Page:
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From Offering Crash Courses In Yoga To Modelling Ramps - Retailers Are Resorting To Innovative Concepts To Display And Hawk Their Wares, Reports Varuna Verma   |   Published 27.08.06, 12:00 AM

At first look, Urban Yoga store on a Bangalore high street is like any other upmarket apparel shop. Clothes line the shop floor, the décor is traditional and the music is spiritual — in sync with the yoga apparel sold at the store, which opened eight months ago.

But the store offers a surprise. A yoga centre runs alongside the shop, where customers can enrol for a crash course in yoga, buy yoga books, CDs and DVDs or surf for yoga-related information in research papers stored in a laptop at the centre. On their way out, customers can pick up tulsi leaves from the counter, to chew and get healthy herbally. “The yoga centre is a value-added service offered to our customers,” says Shyam P. Nair, business development manager, Urban Yoga.

Marketers call this an experiential branding exercise. “The yoga centre brings the clothes brand alive for customers. They see Urban Yoga clothes being put to real-time use. It creates awareness and interest in the brand,” says Harish Bijoor, chief executive officer (CEO), Harish Bijoor Consults Inc, the Bangalore-based business strategy consulting firm.

The Urban Yoga store — which has a yoga centre in Bangalore and Hyderabad —is but one example of the innovative concepts retailers are resorting to, to display and hawk their wares.

Consider: last year, Jealous Jeans, a casual clothing brand for teenage girls, set up a modelling ramp outside the changing rooms at its Bangalore store. “We conducted a survey which found that girls don’t shop alone. Cat-walking on the ramp aims to make group shopping fun,” says Prem Gupta, head, Jealous Jeans. The ramp was just a teaser. Jealous Jeans is currently working on plans to set up modelling studios in its store — minus photographers and real cameras, of course. “Girls can strut around in the studio and feel like supermodels,” says Gupta. Jealous Jeans is set to open 20 stores — all designed as studio settings — across the country by the year end.

Watch company Xylys’ stores — currently open in Hyderabad and Bangalore —use sophisticated technology to bring the watch brand alive. Walk into a store and you’re greeted by an information-packed marble slab called the River of Time. Place your palm on any moving maple leaf image on the slab and it opens up a world of information on Xylys brand ambassadors, watches and time in general.

“This is an entertainment and education tool. It helps customers get close to the brand,” explains Suparna Mitra, marketing head, Titan Industries. A Xylys store that will open in Mumbai this month will duplicate the concept.

Clearly, retail is becoming a creative business. Food Bazaar has started a chakki mill at its outlet at Goregaon in Mumbai. This supplies fresh flour to customers. Last year, Shoppers Stop created a store-within-a-store, when it launched its exclusive prêt corner called ‘Buzz’. Nautica Navigator — the global lifestyle brand that has set up its flagship store in Bangalore — has its brand identity stamped across its store. The store has striped flooring and portholes on the trial room doors.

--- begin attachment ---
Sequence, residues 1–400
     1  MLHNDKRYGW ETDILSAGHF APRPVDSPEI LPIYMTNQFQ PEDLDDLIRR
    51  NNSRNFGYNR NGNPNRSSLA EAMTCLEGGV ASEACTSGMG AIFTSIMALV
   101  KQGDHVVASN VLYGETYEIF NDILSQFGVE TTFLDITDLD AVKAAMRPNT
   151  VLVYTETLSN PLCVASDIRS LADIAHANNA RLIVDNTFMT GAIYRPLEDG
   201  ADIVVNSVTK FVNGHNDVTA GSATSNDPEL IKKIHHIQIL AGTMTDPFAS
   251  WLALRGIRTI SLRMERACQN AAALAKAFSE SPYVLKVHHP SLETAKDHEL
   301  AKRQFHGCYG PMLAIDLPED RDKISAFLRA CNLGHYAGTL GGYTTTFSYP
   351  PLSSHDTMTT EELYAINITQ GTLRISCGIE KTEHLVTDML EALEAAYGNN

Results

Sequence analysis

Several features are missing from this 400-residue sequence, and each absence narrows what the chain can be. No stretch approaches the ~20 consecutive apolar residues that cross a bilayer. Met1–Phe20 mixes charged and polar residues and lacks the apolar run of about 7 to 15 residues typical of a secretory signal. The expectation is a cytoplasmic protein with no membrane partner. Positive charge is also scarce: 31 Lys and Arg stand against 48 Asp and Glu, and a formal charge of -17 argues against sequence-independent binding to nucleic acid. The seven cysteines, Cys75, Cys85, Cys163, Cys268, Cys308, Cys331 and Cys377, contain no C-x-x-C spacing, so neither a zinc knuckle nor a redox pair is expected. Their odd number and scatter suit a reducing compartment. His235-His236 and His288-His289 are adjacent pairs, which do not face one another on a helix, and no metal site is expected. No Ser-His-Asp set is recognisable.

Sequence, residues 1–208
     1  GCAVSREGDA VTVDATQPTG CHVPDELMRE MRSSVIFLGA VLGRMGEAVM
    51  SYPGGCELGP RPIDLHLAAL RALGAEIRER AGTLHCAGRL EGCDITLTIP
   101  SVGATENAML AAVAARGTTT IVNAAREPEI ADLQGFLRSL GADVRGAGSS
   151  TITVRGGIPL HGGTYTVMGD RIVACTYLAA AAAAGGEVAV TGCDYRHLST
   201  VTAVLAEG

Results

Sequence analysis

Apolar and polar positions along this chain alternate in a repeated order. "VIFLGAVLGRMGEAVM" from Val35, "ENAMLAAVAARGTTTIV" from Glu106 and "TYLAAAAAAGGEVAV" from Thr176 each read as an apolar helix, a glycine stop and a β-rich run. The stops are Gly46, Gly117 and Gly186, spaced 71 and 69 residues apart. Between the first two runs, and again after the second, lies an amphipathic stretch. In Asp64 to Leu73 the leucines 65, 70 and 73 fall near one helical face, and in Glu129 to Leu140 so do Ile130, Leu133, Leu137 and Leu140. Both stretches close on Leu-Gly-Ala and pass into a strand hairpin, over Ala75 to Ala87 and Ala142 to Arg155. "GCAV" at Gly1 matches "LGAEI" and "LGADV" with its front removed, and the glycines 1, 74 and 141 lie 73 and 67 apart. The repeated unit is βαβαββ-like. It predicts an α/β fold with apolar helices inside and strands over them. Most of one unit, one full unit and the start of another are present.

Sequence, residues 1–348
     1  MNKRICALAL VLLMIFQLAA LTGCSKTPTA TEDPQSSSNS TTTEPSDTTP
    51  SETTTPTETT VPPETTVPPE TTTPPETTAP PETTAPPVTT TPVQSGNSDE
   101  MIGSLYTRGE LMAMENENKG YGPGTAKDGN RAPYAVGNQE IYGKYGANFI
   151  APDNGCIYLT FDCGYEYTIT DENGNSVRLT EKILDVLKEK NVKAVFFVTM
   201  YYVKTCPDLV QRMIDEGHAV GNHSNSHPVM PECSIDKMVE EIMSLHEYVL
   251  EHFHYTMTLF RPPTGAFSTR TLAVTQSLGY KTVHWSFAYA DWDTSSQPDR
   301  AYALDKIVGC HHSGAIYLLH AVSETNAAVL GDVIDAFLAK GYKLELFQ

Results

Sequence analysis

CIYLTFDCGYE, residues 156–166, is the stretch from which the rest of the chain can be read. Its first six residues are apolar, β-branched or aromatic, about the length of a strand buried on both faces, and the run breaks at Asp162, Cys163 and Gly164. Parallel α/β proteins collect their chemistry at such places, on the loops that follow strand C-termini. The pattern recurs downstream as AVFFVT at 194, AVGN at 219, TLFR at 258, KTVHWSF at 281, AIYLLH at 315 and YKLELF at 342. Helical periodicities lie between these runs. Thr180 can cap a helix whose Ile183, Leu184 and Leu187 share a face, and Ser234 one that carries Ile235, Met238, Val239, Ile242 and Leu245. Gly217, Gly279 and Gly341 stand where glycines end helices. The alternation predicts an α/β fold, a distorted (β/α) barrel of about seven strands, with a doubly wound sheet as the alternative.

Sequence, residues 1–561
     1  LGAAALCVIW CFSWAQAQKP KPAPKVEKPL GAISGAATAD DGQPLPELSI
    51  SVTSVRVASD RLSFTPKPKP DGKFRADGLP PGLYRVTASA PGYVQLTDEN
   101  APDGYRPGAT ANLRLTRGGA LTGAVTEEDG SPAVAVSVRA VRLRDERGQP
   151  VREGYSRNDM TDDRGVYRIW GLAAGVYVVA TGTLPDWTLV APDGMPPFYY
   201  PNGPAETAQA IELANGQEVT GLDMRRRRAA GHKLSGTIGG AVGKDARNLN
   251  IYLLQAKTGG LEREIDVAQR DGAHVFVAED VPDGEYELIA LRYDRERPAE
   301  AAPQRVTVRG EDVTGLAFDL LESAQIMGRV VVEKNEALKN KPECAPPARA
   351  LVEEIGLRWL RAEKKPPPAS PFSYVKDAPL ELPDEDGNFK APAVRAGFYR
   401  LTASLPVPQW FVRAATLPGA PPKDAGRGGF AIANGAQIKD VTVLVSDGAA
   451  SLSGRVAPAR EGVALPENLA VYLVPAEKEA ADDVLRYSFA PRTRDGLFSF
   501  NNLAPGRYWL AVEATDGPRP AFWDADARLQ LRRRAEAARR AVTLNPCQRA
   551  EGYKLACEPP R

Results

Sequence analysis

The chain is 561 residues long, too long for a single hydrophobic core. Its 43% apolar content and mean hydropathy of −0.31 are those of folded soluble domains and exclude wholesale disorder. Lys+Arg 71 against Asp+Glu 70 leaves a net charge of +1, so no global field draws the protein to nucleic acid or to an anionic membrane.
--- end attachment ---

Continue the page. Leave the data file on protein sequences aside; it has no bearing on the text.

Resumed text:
That’s not all. Urban Yoga is set to roll out an organic food café at its yoga centre in Hyderabad, where customers can fill up on Chawanprash cookies and herbal tea after an invigorating yoga session.

So why are retailers trying every trick in the book to bring in customers? “As the retail industry grows, it is faced with a problem of differentiation. It is necessary for companies to think innovatively to carve a niche for themselves,” explains Gibson G. Vedamani, chief executive officer (CEO), Retailers Association of India.

“The idea is to cut the clutter in a crowded market and attract eyeballs,” says Bijoor. Adds Gupta, “In shopping malls, scores of brands compete for attention. Retailers have to offer new, exotic flavours to get customers to walk into their store.”

Also, the globe trotting Indian consumer has changed. “Price marketing has become passé. Customers want top quality and creative products and services, costs notwithstanding,” says Urban Yoga’s Nair.

Creative innovations in India’s organised retail industry are also perhaps a sign of the good times. “They indicate that the industry is growing and getting competitive,” says Bijoor. According to a KPMG report (Consumer markets in India — the next big thing ), the organised retail industry’s annual sales are growing by over 15 per cent. “Five years ago, the industry was growing by 7.2 per cent annually. The growth rate has doubled,” exclaims Bijoor.

Such rapid growth has made retail stores an integrated part of brand strategy. Says Mitra about the hi-tech Xylys store, “We wanted the store to say something about the brand. Since Xylys symbolises a high achiever, we made superior technology the backbone of the store.”

Certainly, innovation is paying off for retailers. Jealous Jeans’ ramp store records 30 to 40 per cent greater footfall compared to its six other stores across India. “The ramp store also has a sale conversion rate of 80 per cent versus the 50 per cent sale conversion rate of the other stores,” says Gupta. The time gizmo has generated curiosity at the Xylys store. “We get a large number of walk-ins in our store. Of these, 70 per cent stay to check out the watches,” says Mitra.

With all this on offer and shops jockeying to outdo one another, the going will only get better for shoppers.



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